• Heavy Communication with server
  • Pages containing Forms, Forums and so on.
  • Suitable for Login/Logout pages
  • When we user to refill data again on refreshing a specific page

and so on.

There can be some other reasons too.

When to "USE"

As in the basics you can use this approach to n number of pages in the same application but there will be no use of it, because it will make your application slower.

So if your application has 1 or 2 pages that have user interaction and communication functionality then you can use this approach, it will be better for you as well as for your application's performance perspective.

Now for this option particularly I have structured two approaches, you can try any of them in your application. Let's explore them.

When to "NOT"

As I already said in the preceding paragraph if your application has more than 1-2 pages in which you want to apply caching, then don't use this approach.

Approach: 1

In this approach what you must do is simply set the response of each respective functionality that will be in the entire picture during communication.

Most commonly all these events are figured out using this statement:

  1. Response.Cache.OPERATION(Param); 

Here are various parameters for the scenarios that are in the entire picture, let's check them out.

  1. <!-- Starting of page load event -->  
  3. protected void Page_Load(object sender, EventArgs e)  
  4. {  
  6. <!—Setting Cache Event -->  
  7.     Response.Cache.SetCacheability(HttpCacheability.NoCache);  
  9. <!—Setting Expiry Time through Systems Default Date-Time via DateTime Event -->  
  10.     Response.Cache.SetExpires(DateTime.Now);  
  12. <!—Setting Server Caching Event -->  
  13.     Response.Cache.SetNoServerCaching();  
  15. <!—Setting Erase or Clear Event -->  
  16.     Response.Cache.SetNoStore();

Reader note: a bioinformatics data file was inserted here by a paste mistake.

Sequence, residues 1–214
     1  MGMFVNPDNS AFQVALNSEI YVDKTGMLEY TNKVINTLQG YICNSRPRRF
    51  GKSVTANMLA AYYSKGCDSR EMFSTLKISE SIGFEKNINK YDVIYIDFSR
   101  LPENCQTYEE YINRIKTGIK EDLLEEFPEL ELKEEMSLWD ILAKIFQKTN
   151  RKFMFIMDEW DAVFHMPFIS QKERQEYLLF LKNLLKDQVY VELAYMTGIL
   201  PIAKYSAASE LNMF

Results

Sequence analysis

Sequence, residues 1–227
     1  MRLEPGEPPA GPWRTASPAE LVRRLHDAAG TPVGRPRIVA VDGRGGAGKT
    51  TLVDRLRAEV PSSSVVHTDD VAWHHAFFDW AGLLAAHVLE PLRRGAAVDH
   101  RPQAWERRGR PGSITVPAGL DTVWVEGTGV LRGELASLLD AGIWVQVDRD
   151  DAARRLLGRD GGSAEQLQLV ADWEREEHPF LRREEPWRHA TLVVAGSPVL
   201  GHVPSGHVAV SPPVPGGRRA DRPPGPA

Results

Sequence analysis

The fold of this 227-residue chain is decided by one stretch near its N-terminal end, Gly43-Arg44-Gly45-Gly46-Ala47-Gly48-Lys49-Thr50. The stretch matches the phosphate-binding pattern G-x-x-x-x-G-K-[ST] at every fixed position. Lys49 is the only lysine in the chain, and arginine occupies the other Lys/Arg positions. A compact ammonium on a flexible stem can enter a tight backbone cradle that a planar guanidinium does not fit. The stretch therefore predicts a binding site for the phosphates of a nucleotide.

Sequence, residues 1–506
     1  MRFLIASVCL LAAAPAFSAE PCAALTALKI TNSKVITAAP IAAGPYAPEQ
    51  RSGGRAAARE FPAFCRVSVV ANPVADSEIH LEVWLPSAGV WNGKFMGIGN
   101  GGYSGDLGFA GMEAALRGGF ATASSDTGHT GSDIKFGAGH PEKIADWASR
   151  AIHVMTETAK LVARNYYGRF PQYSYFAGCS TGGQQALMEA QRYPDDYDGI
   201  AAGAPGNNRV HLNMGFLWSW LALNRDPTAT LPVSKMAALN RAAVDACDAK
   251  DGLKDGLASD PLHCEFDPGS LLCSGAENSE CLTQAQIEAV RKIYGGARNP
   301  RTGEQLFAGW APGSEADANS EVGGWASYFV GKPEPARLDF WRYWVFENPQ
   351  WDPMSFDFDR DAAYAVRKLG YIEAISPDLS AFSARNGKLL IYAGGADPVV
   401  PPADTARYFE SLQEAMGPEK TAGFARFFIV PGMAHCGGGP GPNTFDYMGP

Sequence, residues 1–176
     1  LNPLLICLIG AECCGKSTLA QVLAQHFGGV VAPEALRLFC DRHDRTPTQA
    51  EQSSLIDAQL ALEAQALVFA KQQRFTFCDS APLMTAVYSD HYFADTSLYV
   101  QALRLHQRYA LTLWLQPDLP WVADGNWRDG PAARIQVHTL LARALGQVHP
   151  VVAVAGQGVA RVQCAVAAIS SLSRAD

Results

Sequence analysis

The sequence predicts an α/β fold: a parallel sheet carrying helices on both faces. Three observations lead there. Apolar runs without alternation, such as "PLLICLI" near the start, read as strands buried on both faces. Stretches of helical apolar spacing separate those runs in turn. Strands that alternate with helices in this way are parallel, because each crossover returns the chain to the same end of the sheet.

Approach: 2

In this second approach the functionality is slightly different from the first approach. In this approach first of all we will set some default Date-Time value using system date and time and then a timer (depending on your application requirements), that will fire a time span.

After that time span the cache will be automatically cleared.

At last the control/cache clear statement will finalize all those things for you at no cost.

Let's go though the code.

  1. <!-- Starting of page load event -->  
  3. protected void Page_Load(object sender, EventArgs e)  
  4. {  
  6. Response.ExpiresAbsolute = DateTime.Now.AddDays(-id);  
  8. <!— Set according  to you -->  
  9. Response.Expires = -1500;  
  11. <!— Control Event Statement -->  
  12. Response.CacheControl = "no-cache";  

Into master page

In this second method, we put our code snippet directly into the master page. This kind of functionality we use when we want the entire cache of the respective website to be cleared without delay.

When to "USE"

Mostly this approach is slow but works effectively. If you have several pages containg communication or user interactions then in this scenario don't use caching in each and every page, it will surely make your website slower and dumb.

I recommend you create a separate master page for all those pages and apply a master page cache clearing snippet in it. It will make your work effective and your application work faster and smooth.

When to "NOT"

If and only if, your web application has less than 2-3 pages that need that functionality, go for the page load option.

Approach: 1

In this option you need to set all the parameters and their respective value, as it is for a set of pages you need to set it to 0 and then other parameters. It uses this statement for functioning:

  1. <meta http-equiv = "Expires" Content = "0"

Now, let's explore the code:

  1. <!-- using master page -->  
  2. <meta http-equiv = "Expires" Content = "0">  
  3. <meta http-equiv = "Program" Content = "no-cache">  
  4. <meta http-equiv = "Cache-Control" Content = "no-cache"

Approach: 2

This second approach has cleared many milestones. For this you only need a single line of code and then you are done with the problem of the cache.

  1. Response.Cache.SetNoStore(); 


There can be some other options, snippets, procedures for doing that operation, but in this article I tried to keep it more simple and cozy.

If you are aware of or find any other relevant approaches then let me know, I'll update my article.

Until then, enjoy coding!

Have Fun!